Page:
Plan for Growth

Feb. 16, 2017
Knowing your key markets and developing a plan can help you enhance air service.

Without air service, there’s no reason for airports to be in business. So facilities large and small have put aside resources to go after all-important flights and maintain existing service.

That task has gotten harder in the past 10 years as airlines have merged, gotten rid of smaller regional jets and turboprop aircraft and reduced capacity. Airline planners have raised the bar on how they choose air service, resulting in more airports chasing after a smaller piece of the pie. Representatives from large, medium and small airports share their successes and challenges with air service development.

Kristie Van Auken, who at the time this story was written was senior vice president and chief marketing and communications officer at Ohio’s Akron-Canton Airport, located about 50 miles south of Cleveland-Hopkins International Airport. “The consolidation of the airline industry has really shaped the air service picture for airports in our region, and both airports have been affected by consolidation,” she said. “We were also affected by the merger of Southwest and AirTran, and now the reduction of our service on Southwest.”

But the airport has also had some really good wins, said Van Auken. “That's the nature of this industry, particularly if you're not at a megahub. You're not going to win every time,” she said. “This year is going to be a painful year for us. But at the same time, in the last 12 months, we've been able to secure non-stop service to two New York City airports, which was really exciting for us. That was a key market that we wanted to replace after Southwest decided to leave that market.” The airport now has service on United Airlines to Newark and LaGuardia Airport on American Airlines.

The key for Akron Canton Airport is to focus on the fundamentals, said Van Auken. “Those fundamentals are offering deep knowledge of our local market to help airlines become successful faster in Akron Canton than other markets,” she noted. “We have to aggressively pursue the airlines that are still standing. Our competition is the 420 commercial airports across the U.S.”

Those airports all want to be the next best opportunity, said Van Auken. “For us to position ourselves to get that next best opportunity, we have to be smarter and be a little hungrier. And we have to go in with some unique propositions,” she said. “We feel our low-cost structure, our deep partnership mentality and ourmarketing knowledge is a powerful story is that everyone really likes.”

Mark Kiehl is the air service development manager for Norman Y. Mineta San José International Airport. “Travel patterns don’t typically change a lot over a five-year period. But if there’s one thing that is identifiable here, it’s that there’s probably an even greater global reach for our Silicon Valley companies,” he said. “And I think that’s why you’re seeing us go from two to seven international airlines in the span of about a year. If those markets weren’t important and high-profile, then the carriers wouldn’t be responding.” In the past year, Mineta Airport has won new service from China’s Hainan Airlines, British Airways, Lufthansa, Air Canada, ANA and Mexico’s Volaris.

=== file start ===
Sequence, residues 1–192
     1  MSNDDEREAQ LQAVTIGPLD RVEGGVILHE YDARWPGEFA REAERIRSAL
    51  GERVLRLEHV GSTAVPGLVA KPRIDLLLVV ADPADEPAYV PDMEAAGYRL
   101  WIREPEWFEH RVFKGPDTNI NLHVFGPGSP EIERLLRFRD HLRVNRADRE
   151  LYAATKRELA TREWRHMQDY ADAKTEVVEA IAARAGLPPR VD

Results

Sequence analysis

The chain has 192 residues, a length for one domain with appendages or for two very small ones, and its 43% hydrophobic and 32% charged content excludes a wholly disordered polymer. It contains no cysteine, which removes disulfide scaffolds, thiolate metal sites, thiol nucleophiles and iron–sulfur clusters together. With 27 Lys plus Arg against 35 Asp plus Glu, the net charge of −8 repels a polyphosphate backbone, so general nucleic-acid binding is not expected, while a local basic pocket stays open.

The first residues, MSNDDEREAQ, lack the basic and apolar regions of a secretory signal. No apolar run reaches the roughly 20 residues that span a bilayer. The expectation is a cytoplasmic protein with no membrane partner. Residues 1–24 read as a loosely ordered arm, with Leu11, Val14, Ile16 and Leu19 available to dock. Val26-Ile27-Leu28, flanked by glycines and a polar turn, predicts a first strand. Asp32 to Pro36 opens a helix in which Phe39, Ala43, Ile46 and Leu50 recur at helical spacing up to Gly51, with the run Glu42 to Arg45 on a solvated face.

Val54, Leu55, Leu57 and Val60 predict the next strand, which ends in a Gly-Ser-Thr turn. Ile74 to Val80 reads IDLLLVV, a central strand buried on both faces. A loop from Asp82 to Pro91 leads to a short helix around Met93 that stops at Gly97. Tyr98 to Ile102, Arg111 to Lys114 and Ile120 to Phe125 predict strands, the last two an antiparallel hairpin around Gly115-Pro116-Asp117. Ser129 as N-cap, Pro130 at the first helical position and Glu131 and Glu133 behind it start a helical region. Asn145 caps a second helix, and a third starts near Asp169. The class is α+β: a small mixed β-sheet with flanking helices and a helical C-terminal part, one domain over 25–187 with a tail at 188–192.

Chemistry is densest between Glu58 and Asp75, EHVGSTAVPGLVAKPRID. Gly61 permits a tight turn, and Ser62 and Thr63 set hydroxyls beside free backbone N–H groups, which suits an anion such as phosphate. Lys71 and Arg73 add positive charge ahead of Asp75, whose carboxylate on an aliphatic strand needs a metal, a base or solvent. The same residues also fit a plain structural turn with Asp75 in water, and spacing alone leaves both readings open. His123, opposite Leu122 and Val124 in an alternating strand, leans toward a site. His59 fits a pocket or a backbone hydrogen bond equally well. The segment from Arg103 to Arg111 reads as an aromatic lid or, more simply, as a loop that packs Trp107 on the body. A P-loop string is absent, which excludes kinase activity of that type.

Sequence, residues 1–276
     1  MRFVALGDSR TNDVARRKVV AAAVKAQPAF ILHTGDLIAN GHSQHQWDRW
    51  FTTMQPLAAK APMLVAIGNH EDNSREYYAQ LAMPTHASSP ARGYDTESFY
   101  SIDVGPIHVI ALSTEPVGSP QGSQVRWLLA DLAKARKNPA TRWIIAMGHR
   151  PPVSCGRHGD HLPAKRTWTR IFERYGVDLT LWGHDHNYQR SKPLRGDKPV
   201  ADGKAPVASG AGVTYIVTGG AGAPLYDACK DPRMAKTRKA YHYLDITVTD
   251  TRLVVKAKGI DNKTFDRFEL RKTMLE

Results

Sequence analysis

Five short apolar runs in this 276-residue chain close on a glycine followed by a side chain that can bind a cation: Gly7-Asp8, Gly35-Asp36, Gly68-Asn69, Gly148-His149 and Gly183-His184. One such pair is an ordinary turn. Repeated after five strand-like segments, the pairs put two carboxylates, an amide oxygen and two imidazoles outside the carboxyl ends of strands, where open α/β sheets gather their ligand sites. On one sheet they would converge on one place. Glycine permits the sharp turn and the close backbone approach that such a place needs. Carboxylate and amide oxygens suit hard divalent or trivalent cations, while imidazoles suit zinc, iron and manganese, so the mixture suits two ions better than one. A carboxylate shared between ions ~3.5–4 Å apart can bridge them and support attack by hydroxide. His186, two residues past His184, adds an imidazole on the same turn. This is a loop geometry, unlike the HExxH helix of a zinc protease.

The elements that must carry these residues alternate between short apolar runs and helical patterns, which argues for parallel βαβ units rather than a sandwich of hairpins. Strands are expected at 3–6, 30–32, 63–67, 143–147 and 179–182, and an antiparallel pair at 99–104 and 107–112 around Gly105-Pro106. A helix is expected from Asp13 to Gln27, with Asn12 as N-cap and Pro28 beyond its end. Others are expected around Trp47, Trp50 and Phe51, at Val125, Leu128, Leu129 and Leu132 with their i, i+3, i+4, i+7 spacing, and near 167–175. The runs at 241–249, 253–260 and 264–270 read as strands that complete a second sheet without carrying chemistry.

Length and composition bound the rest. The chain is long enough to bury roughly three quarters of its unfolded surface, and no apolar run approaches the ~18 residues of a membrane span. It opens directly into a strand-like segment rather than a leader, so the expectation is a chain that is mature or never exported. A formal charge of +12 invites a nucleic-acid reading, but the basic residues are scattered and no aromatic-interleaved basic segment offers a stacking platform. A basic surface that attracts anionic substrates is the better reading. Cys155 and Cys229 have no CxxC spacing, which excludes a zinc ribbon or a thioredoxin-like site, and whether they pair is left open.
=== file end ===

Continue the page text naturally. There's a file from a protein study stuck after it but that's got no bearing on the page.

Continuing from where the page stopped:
Kiehl said that he’s been through several airline mergers. “If you look at the big three today, American, Delta and United, there’s probably at least 30 other carriers behind those brands because of all the mergers and acquisitions,” he noted. “It means that the pool has gotten smaller, which means that choices are fewer. That means that airports have to be much more targeted and more of a proactive partner with carriers and build your plan accordingly.”

San Jose is fortunate to have so many air service stories to tell right with the growth of international and domesticcarriers, said Kiehl. “The traditional way to do air service is tactical, where you approach an airline and talk about a specific route that might have an opportunity for new or expanded service,” he pointed out. “But when I got here, I took more of a strategic approach with carriers, so we are really moving forward both domestically and internationally. We hold out our new international routes as successful. But a domestic route is every bit as important to us, and is every much as successful for us too.”

San Jose is not the only airport in the region, with San Francisco International, Oakland International and even Sacramento International. “So as the crow flies, all those airports are not too far off. But when you are sitting in traffic for two hours from here in the South Bay trying to get to the North Bay area, that’s not so fun, especially in the morning when you have a flight to catch,” said Rosemary Barnes, San Jose Airport’s Public Information Manager. “We are very much focused on the convenience that our airport offers. Customers are able to get to their gates within a reasonable amount of time.”

Jim Tyrrell is the deputy director of business development for Philadelphia International Airport, a hub for American Airlines. “We went from a being a Star Alliance hub with US Airways to a oneworld hub under American,” he said. “So while we still have the same amount of international traffic, it connects differently.”

Because of industry consolidation, there are a lot less airlines to visit, said Tyrrell. “The interesting thing is not only the consolidation among the legacy carriers, but also the recent prosperity of the low-cost carriers,” he said. “Philadelphia has seen a fairly healthy growth in the last year, and quite frankly, it’s been attributable to low-cost carriers.”